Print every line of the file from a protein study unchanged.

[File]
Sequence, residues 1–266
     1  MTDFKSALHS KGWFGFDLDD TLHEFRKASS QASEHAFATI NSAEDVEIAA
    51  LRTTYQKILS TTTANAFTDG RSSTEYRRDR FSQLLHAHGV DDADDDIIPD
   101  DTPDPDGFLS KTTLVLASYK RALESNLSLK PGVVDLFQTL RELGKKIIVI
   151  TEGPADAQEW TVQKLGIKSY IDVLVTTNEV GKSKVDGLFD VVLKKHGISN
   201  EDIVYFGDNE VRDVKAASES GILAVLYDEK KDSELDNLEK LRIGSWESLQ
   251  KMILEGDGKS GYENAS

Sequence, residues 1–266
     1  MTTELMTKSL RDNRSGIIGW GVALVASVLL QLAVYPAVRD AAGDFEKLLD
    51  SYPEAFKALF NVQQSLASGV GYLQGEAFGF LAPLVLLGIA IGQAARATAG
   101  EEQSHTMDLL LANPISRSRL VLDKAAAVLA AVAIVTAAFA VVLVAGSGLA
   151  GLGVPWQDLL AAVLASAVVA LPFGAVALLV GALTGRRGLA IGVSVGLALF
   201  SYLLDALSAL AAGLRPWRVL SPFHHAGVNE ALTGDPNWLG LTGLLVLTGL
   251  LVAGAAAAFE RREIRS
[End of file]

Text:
Sequence, residues 1–266
     1  MTDFKSALHS KGWFGFDLDD TLHEFRKASS QASEHAFATI NSAEDVEIAA
    51  LRTTYQKILS TTTANAFTDG RSSTEYRRDR FSQLLHAHGV DDADDDIIPD
   101  DTPDPDGFLS KTTLVLASYK RALESNLSLK PGVVDLFQTL RELGKKIIVI
   151  TEGPADAQEW TVQKLGIKSY IDVLVTTNEV GKSKVDGLFD VVLKKHGISN
   201  EDIVYFGDNE VRDVKAASES GILAVLYDEK KDSELDNLEK LRIGSWESLQ
   251  KMILEGDGKS GYENAS

Sequence, residues 1–266
     1  MTTELMTKSL RDNRSGIIGW GVALVASVLL QLAVYPAVRD AAGDFEKLLD
    51  SYPEAFKALF NVQQSLASGV GYLQGEAFGF LAPLVLLGIA IGQAARATAG
   101  EEQSHTMDLL LANPISRSRL VLDKAAAVLA AVAIVTAAFA VVLVAGSGLA
   151  GLGVPWQDLL AAVLASAVVA LPFGAVALLV GALTGRRGLA IGVSVGLALF
   201  SYLLDALSAL AAGLRPWRVL SPFHHAGVNE ALTGDPNWLG LTGLLVLTGL
   251  LVAGAAAAFE RREIRS